I know the meeting happened on Thursday morning. I heard The Leprechaun return back to the apartment because he slammed the door as hard as he could. I didn’t hear him start packing boxes though, so I have no idea what the verdict was. Looks like I’ll have to pursue that answer Monday.

But it seems silly that I had to point out to the apartment managers in my letter to them that I don’t condone spousal abuse, I am not okay with him retaliating against me, I’m not his wife, he doesn’t pay my rent, and it doesn’t say anywhere in my lease that I’m required to accept abuse from the tenant who lives in the basement apartment. So now I’m on alert and ready to call the cops. C’mon, Leprechaun, your box of Lucky Charms is gonna run out sooner or later.

This ties into another subject that I was discussing with a friend about why women fake orgasms. Specifically, why do women who are having a one-night stand fake orgasms. Mainly because there’s so many douchebags like The Leprechaun running around. The worst are the ones who like to proclaim that they’re nice. No really, they’re nice! But then get any of your bits naked around them and they’ll make your nipples bleed or tell you that you like anal sex, you just don’t know it, and they’re going to show you how right they are.

I actually had the privilege of talking this process of faking it through with a man who was willing to listen rather than becoming defensive or angry. Think about it; when you talk about having one night stands as a single woman, you get the pious lecture about how you don’t deserve anything nice because you gave a man your body for only one night, you dirty whore. No lecture for the other party, though. He did nothing worse than stick his dick in another hole. But I digress.

We talked about the various reasons why women fake orgasms. But there’s a specific reason that isn’t talked about much that comes up from time to time on first dates/first-time or only-time sexual encounters, and that is personal safety. Sometimes you don’t know that things are going to go badly until you are both naked and the fucker has stopped listening, and it dawns on you that he simply wants a porno show. His script is running and you had better perform. The light bulb goes on over your head.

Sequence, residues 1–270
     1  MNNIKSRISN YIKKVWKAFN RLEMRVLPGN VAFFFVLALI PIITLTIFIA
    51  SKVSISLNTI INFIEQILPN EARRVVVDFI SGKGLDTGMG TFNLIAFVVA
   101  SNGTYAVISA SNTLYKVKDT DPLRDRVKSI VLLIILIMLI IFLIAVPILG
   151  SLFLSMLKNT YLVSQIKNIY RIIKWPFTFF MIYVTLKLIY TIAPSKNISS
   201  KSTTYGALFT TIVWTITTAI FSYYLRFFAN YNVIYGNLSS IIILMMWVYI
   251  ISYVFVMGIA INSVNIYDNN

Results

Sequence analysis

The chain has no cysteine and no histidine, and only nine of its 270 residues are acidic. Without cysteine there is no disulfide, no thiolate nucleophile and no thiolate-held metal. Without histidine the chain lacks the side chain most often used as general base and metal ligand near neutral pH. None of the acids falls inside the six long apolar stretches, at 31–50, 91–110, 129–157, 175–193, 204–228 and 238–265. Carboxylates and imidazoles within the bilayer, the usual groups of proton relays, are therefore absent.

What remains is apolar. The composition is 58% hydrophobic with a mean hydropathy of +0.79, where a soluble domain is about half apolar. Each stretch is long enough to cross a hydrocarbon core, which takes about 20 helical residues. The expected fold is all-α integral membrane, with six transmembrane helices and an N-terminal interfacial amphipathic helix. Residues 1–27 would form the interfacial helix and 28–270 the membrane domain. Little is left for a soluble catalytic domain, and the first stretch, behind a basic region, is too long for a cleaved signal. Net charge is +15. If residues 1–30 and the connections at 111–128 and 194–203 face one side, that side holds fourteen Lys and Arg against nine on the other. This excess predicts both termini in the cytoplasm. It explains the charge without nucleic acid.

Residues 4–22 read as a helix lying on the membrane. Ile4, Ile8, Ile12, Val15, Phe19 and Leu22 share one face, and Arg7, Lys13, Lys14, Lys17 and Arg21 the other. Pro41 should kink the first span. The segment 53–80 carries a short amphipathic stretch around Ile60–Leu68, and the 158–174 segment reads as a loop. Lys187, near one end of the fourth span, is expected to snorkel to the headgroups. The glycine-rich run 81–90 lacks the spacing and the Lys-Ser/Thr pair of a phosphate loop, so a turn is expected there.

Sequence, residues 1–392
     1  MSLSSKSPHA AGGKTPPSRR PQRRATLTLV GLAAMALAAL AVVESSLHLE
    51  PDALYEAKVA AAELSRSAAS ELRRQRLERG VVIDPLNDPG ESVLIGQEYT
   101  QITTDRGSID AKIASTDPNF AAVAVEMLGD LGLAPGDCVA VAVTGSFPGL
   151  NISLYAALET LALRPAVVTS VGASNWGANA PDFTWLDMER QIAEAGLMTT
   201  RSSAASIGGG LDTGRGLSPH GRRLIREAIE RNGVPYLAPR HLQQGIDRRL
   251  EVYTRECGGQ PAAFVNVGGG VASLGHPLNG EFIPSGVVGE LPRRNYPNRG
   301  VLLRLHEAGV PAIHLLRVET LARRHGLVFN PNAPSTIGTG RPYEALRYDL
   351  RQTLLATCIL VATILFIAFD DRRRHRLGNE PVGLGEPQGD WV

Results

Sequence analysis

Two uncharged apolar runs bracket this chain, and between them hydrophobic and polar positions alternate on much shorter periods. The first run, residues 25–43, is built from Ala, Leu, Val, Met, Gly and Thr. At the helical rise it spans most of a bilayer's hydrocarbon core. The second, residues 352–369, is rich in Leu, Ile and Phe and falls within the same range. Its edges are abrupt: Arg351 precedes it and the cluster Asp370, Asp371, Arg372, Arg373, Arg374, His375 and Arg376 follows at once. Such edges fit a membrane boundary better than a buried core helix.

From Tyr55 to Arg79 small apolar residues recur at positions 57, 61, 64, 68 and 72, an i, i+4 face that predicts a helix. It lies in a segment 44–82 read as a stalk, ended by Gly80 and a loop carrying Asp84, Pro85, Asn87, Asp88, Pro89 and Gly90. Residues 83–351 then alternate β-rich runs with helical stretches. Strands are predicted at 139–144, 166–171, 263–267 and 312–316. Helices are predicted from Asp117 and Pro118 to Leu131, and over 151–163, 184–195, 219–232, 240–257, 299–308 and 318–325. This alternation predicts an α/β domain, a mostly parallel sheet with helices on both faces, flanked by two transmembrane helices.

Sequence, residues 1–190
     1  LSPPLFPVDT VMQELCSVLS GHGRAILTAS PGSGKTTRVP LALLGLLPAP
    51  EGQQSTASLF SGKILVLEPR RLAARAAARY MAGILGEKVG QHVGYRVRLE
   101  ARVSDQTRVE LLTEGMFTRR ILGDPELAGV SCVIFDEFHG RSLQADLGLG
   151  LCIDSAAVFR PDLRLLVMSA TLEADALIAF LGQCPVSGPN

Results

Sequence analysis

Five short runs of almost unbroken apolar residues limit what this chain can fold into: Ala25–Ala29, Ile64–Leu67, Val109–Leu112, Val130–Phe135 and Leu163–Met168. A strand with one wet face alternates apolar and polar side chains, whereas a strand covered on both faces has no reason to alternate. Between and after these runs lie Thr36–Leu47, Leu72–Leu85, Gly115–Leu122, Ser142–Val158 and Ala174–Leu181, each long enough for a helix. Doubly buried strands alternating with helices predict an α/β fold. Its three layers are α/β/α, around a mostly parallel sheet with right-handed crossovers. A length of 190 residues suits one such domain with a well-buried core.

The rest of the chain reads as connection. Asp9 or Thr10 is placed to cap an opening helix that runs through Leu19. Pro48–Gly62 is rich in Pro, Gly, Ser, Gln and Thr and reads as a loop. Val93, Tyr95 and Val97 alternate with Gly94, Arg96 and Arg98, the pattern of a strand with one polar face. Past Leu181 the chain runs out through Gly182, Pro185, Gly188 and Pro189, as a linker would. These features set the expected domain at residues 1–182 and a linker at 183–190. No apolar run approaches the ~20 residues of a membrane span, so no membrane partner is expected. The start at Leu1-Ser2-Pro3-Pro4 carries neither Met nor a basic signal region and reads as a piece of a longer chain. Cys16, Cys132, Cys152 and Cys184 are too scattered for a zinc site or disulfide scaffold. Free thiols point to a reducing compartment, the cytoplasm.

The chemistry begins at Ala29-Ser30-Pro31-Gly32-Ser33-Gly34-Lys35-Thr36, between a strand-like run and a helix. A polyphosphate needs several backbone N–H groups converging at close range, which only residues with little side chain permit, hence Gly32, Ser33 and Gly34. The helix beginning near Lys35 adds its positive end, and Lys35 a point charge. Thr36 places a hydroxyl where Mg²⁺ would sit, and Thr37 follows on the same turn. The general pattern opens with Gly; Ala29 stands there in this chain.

Of course, some men love the whole resistance and crying thing. That’s not what I’m talking about. The guys who can’t tell if a woman is faking are the ones who rely solely on porn for the cues of orgasm: “Oh” sounds, clenched hands, clamped jaw (or maybe even gaping open, whatever your preference). They want to dig a hole to China through your clit. If you complain that the pressure hurts, they push your hands away, tell you that you should stop being shy or that you really like it, and wrench your legs back open after they have closed to protect your most tender flesh. Same for anything that they want to do to you rather than do with you.

The light goes on. You give him his show, make all the right noises, tell him he is king, and get the fuck out of there before he rips your skin any more or gives you additional bruises and you have excruciating pain every time you pee because the urine is passing over open wounds.

I’m just saying, it’s okay to fake it sometimes. There’s a lot of Leprechauns out there.

The Ballad of the Broken Neighbors

“FUCK. FUCK FUCK FUCK FUCK! SHUT UP! JUST SHUT UP! FUCK YOU!”

It first came on Sunday night, a man’s voice, from the direction of my windows to my right. I had my ear buds in and had been laying in bed, watching movies, as usual. My first thought was that a guy was watching a sporting event and was just generally being a dick and being really passionate about a goal that was scored.

But then I heard a much softer female tone answer. I could tell she was in tears but I couldn’t make out what she said. Then he again exploded: “FUCK YOU! FUCK YOU! SHUT UP! SHUT THE FUCK UP!” Then he punched something, hard, multiple times. It may have been the wall, or it may have been a piece of furniture, but I don’t think it was her. I couldn’t tell where it was coming from. I got out of bed. This building is old, built somewhere around 1910, and the floors are the original wood. They creak with every step I take no matter how quiet I try to be.